• Rinse first in cold water
    • Wast the article in hot water with soap
    • Use a brush or abrasive to clean corners or hard-to-reach areas
    • Rinse well in warm or hot water
    • Dry the article
    • Clean the equipment used in cleaning and the sink
    • Remove gloves and wash hands
  39. There are more than 60 communicable diseases that must be reported to the public health departments. What do the reports allow officials to do?
    • Ensure appropriate medical treatment of diseases
    • Monitor for common-source out breaks
    • Plan and evaluate control and prevention plans
    • Identify outbreaks and epidemics
    • Determine public health priorities based on trends
  40. Match the component of the chain of infection with the example of each component
    1. Infectious agent
    2. Reservoir
    3. Means of transmission
    4. Exit and entry portal
    5. Host

    A. Client
    B. Bacteria, virus, fungi, protozoa
    C. Wound drainage, food, oxygen tubing
    D. Person-to-person contact
    E. Skin, respiratory, and GI tracts
    • 1 - B
    • 2 - C
    • 3 - D
    • 4 - E
    • 5 - A
  41. Which of the following are reasons health care professionals are required to report communicable/infectious diseases? (select all that apply)
    - Planning and evaluating of control and prevention plans
    - Determining public health priorities
    - Ensuring proper medical treatment
    - Identifying endemic disease
    - Monitoring for common-source outbreaks
    • - Planning and evaluating of control and prevention plans
    • - Determining public health priorities
    • - Ensuring proper medical treatment
    • - Monitoring for common-source outbreaks
  42. What is the purpose of bathing?
    To cleanse the body, relax it and enhance healing
  43. What assessments should be performed when bathing a client?
    • Skin assessment
    • Wound assessment and wound care
  44. When are complete baths given?
    When the client is able to tolerate it and the client's hygiene needs warrant it (usually reserved for debilitated clients)
  45. When are partial baths given?
    When the client needs to only have odorous or uncomfortable areas cleansed or can perform part of the bath himself
  46. Why is foot care given?
    To prevent skin breakdown, pain and infection
  47. What clients is foot care extremely important for?
    Diabetic clients - must be done by a trained professional
  48. Why is perineal care important?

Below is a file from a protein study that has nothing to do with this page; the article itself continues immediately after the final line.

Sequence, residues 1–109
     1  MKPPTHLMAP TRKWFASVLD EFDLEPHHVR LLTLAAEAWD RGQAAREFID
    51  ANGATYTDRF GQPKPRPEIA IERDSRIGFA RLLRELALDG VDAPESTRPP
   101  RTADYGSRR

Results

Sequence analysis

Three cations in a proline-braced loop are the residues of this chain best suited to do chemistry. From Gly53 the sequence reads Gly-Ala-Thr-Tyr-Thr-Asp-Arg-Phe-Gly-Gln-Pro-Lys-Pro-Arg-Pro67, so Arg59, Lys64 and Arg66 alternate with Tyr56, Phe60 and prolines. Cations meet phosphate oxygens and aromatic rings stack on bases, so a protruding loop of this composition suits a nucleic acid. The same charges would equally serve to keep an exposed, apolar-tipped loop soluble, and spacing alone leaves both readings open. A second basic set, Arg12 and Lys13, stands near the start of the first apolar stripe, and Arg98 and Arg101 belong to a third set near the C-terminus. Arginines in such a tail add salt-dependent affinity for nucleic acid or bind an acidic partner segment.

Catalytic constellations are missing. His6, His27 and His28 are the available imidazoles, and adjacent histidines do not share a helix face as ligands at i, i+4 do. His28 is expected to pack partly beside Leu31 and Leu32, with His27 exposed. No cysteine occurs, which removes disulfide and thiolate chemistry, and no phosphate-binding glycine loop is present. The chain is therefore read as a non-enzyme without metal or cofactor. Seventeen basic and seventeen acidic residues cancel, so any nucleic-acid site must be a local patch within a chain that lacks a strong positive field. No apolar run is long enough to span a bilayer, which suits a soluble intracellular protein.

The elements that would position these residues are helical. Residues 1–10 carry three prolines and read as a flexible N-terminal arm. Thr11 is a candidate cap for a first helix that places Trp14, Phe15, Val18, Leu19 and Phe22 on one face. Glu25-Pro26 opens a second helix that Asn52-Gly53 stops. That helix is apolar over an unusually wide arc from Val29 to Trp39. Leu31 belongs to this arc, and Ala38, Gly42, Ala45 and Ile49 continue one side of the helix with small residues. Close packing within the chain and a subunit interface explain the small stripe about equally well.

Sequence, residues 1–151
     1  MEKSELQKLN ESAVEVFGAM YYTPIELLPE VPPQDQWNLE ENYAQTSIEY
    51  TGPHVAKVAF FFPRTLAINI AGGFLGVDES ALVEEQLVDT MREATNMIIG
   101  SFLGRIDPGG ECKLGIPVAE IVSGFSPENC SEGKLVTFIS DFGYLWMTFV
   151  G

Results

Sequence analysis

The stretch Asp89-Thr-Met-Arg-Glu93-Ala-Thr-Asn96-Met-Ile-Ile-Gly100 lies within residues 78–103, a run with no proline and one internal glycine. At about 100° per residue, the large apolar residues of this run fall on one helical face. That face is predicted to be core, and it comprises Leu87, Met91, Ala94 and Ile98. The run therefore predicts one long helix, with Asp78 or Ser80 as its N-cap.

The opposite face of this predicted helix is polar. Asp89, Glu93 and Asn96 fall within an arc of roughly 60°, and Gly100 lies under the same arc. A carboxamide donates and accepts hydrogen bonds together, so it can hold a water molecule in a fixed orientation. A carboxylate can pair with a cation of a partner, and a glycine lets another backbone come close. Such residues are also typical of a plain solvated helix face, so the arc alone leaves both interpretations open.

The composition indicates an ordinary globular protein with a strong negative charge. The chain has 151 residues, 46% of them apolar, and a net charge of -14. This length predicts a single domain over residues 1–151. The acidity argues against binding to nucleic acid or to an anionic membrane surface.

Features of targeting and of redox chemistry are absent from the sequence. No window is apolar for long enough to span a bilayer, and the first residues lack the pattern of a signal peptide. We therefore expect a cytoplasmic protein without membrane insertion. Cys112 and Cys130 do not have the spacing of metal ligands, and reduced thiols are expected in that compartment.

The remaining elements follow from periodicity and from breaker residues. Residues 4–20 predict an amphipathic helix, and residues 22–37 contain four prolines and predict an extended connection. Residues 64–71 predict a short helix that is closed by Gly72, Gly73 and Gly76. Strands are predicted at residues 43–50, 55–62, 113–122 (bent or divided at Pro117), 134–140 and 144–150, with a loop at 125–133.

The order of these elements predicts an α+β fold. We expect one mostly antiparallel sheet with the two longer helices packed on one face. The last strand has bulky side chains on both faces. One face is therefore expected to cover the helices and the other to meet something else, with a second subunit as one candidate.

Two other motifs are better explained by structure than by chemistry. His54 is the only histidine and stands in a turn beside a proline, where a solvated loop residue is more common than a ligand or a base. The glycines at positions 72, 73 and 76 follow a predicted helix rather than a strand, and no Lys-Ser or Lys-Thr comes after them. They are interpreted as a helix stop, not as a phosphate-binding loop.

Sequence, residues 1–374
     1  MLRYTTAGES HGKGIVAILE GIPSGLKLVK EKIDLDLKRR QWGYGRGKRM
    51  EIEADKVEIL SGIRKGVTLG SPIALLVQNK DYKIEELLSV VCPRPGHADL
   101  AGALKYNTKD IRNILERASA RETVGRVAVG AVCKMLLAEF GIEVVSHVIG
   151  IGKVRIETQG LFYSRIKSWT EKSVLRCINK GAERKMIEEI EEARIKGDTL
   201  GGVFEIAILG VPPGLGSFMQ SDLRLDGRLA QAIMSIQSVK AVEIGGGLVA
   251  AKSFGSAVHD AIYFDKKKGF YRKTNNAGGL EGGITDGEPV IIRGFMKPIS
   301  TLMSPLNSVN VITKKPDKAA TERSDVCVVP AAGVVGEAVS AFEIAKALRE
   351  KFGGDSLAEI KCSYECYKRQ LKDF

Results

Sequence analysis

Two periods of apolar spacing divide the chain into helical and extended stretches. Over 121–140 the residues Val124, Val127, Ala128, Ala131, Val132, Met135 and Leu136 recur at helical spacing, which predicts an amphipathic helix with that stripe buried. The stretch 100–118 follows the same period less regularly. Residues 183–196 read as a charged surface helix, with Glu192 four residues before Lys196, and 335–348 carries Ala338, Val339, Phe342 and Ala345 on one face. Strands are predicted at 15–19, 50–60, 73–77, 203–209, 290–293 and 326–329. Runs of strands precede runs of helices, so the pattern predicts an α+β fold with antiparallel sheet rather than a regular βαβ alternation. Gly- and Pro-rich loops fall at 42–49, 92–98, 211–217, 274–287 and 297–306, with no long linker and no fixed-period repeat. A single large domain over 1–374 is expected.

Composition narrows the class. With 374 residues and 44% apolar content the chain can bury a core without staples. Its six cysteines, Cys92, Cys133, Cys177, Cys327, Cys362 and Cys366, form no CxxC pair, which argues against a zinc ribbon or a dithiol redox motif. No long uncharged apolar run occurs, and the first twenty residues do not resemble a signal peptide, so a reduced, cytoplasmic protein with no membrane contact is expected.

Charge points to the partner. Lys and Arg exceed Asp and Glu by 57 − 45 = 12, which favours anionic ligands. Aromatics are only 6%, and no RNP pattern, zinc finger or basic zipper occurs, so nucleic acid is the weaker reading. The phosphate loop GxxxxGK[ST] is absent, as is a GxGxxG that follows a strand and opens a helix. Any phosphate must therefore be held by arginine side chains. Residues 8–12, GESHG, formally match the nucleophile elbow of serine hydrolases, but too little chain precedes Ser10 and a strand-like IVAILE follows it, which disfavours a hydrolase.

To maintain skin integrity, relieve discomfort, and prevent transmission of infection
  49. Allowing the client to have as much control as possible over her hygiene does what for her psychologically?
    Shows respect for her dignity
  50. What are special considerations for older adult clients when giving hygiene care?
    • They have drier and thinner skin and may not tolerate as much bathing as a younger adult
    • They have a higher incidence of infection and periodontal disease
    • Dentures and partials must be fitted correctly
    • Dentures are a client's personal property and should never be left on a meal tray or in a place where they could be damaged
    • Dry mouth is common
    • May have poor nutritional status
  51. Why is dry mouth common in older adults?
    Due to decreased saliva production and medications used by this population
  52. What is poor nutritional status in the older adult often due to?
    • Dental problems
    • Socioeconomic status
    • Decrease in the ability to prepare healthy foods
  53. To understand how the client conducts hygiene at home and where the nurse will need to provide education and extra care, what needs to be assessed?
    Hygiene preferences
  54. What are some nursing diagnoses related to hygiene?
    • Risk for injury
    • Risk for infection
    • Bathing/self-care deficit
    • Dressing/grooming deficit
  55. What part of the client's body should be washed first when giving a bath?
    The face
  56. How should a bath be given?
    Systematically, staring with the client's upper body and continuing on to the lower extremities
  57. When performing perineum care, should the water be changed to fresh water?
  58. After giving a client a bath, what needs to be documented?
    • Skin assessment
    • Type of bath
    • Client response
  59. How do you change and occupied bed?
    • - Roll the old bottom linens up in the bottom sheet or mattress pad under the client who is turned on his side, facing the opposite direction
    • - Apply clean bottom linens to the bed and smooth to the middle of the bed with the remainder of the linen fan folded underneath the client
    • - The client should roll over the linens and face the opposite direction while the nurse removes the old linens and applies the new linens
    • - Apply upper sheet and blanket
    • - Remove the pillow case by inserting the hand into the opening, grabbing the pillow and turning the pillowcase inside out
    • - Apply the clean pillow case by grasping the center of the closed end, turning the case inside out, fitting the pillow into the corner of the case adn pulling the case until it is right side out over the pillow
  60. What clients require gentle brushing and flossing when performing oral hygiene?
    Clients who have fragile oral mucosa
  61. How do you perform denture care for a client who is unable to do it himself?
    • - Remove the dentures with a gloved hand, pulling down and out at the front of the upper denture, and lifting up and out at the front of the lower denture
    • - Place dentures in a denture cup or emesis basin
    • - Brush them with a soft brush and denture cleaner
    • - Rinse them in water
    • - Store the dentures, or assist the client with reinserting them
  62. What instructions/education should be given to clients at risk for poor foot hygiene?
    • - Inspect feet daily, paying special attention to between the toes
    • - Use lukewarm water and dry the feet thoroughly
    • - Apply moisturizer to the feet but avoid applying it between the toes
    • - Avoid OTC products that contain alcohol or other strong chemicals
    • - Wear clean cotton socks daily
    • - Check shoes for any objects that may cause injury
    • - Cut nails straight across and use emery board to file edges
    • - Avoid self-treating corns or calluses
    • - Buy and wear comfortable shoes that do not cut off circulation
    • - Avoid using heat applications
    • - Contact PCP if any signs of infection or inflammation appear
  63. What are the principles of perineal care?